Secret Daughter: A Novel

Paperback | April 5, 2011

byShilpi Somaya Gowda

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“Moving and thought-provoking and informative and imaginative and beautifully executed.  What a wonderful story!”
—Mary Jane Clark

 

“This book is a must for anyone touched by adoption, or India, or the delicate dynamic between adolescent girls and their mothers.”
—Sujata Massey, author of Shimura Trouble

 

Secret Daughter, a first novel by Shilpi Somaya Gowda, explores powerfully and poignantly the emotional terrain of motherhood, loss, identity, and love through the experiences of two families—one Indian, one American—and the child that binds them together. A masterful work set partially in the Mumbai slums so vividly portrayed in the hit film Slumdog Millionaire, Secret Daughter recalls the acclaimed novels of Kim Edwards and Thrity Umrigar, yet sparkles with the freshness of a truly exciting new literary voice.

 

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From the Publisher

“Moving and thought-provoking and informative and imaginative and beautifully executed.  What a wonderful story!”—Mary Jane Clark “This book is a must for anyone touched by adoption, or India, or the delicate dynamic between adolescent girls and their mothers.”—Sujata Massey, author of Shimura Trouble Secret Daughter, a first novel by ...

From the Jacket

Somer’s life is everything sheimagined it would be—she’snewly married and has startedher career as a physician in SanFrancisco—until she makes the devastatingdiscovery she never will beable to have children.The same year in India, a poormother makes the heartbreakingchoice to save her newborn daughter’slife by giving her away. It is ad...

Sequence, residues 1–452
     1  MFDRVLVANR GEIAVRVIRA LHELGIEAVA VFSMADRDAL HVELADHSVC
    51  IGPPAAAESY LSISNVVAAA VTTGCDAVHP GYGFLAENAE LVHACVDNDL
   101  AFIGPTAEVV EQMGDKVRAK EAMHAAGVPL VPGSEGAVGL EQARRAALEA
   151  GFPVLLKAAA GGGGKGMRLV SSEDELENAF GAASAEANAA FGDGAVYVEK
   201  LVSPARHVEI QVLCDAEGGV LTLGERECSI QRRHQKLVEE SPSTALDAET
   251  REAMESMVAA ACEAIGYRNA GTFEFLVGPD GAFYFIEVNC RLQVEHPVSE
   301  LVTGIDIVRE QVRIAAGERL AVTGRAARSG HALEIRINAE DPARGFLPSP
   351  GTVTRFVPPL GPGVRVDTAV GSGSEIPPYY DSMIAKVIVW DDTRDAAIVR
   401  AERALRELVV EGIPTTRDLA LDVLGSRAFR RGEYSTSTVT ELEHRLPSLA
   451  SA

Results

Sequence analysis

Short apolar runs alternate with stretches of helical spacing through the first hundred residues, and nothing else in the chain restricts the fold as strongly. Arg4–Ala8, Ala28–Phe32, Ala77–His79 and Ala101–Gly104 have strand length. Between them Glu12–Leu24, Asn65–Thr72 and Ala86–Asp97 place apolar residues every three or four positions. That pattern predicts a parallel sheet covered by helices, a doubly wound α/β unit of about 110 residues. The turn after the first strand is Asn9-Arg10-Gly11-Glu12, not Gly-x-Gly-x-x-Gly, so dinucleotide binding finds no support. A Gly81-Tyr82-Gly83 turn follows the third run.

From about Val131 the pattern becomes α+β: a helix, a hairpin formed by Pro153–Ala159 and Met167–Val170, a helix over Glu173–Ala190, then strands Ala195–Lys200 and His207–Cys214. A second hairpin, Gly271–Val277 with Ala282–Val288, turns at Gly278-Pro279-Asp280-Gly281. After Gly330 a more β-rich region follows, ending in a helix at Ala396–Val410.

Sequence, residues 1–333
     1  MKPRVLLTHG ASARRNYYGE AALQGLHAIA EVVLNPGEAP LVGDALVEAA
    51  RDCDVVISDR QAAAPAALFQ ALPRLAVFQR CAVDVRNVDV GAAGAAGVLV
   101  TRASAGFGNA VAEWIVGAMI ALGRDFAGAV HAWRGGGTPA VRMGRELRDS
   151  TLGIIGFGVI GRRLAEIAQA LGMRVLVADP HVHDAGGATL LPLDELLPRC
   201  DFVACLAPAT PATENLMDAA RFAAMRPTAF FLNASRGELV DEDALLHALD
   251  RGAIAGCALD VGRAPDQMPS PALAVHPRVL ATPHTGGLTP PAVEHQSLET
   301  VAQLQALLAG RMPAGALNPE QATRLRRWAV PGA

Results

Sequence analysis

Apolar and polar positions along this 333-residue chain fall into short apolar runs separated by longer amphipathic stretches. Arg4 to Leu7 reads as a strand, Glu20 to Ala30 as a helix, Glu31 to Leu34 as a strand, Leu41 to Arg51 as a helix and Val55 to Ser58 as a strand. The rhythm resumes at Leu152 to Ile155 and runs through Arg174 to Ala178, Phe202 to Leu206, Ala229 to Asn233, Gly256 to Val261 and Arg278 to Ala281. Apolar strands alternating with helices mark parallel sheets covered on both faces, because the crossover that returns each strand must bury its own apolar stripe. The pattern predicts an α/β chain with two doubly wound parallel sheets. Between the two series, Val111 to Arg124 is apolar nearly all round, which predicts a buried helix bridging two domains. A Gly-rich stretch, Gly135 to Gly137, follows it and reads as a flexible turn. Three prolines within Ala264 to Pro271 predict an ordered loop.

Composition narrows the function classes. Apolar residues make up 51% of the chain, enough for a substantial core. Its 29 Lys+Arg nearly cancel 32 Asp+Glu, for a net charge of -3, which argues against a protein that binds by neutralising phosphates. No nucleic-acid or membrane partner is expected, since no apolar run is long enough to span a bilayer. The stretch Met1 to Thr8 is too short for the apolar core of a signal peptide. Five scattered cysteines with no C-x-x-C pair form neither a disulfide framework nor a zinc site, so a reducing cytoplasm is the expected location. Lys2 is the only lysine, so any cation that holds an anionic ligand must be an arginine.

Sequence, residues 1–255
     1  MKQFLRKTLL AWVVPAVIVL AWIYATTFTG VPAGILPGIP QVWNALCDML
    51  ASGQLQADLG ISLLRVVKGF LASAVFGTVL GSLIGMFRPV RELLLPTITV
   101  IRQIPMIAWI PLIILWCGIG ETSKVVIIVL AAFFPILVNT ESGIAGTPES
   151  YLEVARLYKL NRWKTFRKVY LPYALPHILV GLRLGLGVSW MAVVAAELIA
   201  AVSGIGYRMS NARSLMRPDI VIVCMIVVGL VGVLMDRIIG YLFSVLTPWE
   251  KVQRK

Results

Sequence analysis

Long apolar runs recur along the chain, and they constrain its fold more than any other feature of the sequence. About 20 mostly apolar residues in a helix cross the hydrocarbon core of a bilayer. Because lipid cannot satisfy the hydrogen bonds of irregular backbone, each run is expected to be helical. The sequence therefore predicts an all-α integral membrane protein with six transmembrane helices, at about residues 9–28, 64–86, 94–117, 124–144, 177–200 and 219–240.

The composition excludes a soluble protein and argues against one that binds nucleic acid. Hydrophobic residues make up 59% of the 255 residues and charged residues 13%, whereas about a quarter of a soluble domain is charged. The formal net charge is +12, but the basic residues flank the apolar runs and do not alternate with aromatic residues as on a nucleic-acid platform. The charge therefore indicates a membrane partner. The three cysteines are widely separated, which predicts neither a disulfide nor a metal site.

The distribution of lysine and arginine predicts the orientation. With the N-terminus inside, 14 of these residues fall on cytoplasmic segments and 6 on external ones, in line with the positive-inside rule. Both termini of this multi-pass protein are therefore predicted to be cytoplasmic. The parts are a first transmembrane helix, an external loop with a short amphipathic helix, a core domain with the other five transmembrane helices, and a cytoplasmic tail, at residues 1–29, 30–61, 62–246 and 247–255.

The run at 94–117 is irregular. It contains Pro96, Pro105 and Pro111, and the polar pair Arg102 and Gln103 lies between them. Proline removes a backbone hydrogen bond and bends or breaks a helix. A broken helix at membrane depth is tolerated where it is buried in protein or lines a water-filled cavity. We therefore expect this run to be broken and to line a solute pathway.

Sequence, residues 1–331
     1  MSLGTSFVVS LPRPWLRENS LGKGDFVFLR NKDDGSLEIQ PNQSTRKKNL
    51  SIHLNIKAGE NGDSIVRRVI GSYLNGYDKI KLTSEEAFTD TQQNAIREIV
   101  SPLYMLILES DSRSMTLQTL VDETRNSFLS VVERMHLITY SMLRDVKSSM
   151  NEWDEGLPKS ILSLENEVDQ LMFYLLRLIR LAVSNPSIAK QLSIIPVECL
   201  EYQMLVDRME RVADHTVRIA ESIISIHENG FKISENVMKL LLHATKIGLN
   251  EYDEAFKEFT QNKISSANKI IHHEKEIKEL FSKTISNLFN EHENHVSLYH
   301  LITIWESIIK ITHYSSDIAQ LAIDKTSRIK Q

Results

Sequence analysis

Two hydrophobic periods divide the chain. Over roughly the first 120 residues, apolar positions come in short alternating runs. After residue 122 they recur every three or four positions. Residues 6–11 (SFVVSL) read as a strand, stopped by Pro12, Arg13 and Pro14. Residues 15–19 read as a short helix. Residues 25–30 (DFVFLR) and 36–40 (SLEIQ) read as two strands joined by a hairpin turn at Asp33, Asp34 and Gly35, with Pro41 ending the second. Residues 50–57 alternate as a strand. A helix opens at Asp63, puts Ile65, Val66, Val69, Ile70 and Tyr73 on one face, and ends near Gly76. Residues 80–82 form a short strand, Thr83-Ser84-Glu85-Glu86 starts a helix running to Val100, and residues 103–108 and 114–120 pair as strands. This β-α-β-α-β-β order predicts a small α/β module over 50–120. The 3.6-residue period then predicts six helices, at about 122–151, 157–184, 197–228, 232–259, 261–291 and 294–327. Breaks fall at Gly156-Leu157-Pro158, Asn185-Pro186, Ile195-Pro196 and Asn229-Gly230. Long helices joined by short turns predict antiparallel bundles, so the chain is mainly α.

Shilpi Somaya Gowda was born and raised in Toronto to parents who migrated there from Mumbai. She holds an MBA from Stanford University and a BA from the University of North Carolina at Chapel Hill. In 1991, she spent a summer as a volunteer in an Indian orphanage. She has lived in New York, North Carolina, and Texas, and currently m...

other books by Shilpi Somaya Gowda

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Format:PaperbackDimensions:368 pages, 8 × 5.31 × 0.83 inPublished:April 5, 2011Publisher:HarperCollinsLanguage:English

The following ISBNs are associated with this title:

ISBN - 10:0061928356

ISBN - 13:9780061928352

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Reviews

Rated 4 out of 5 by from Magellan's Quest for Death and Glory A very complete and readable story of Magellan's remarkable voyage. I was repeatedly astonished by the violence, treachery, and lechery, of the protagonists, not to mention their extraordinary courage. A highly recommended and engaging read.
Date published: 2015-07-13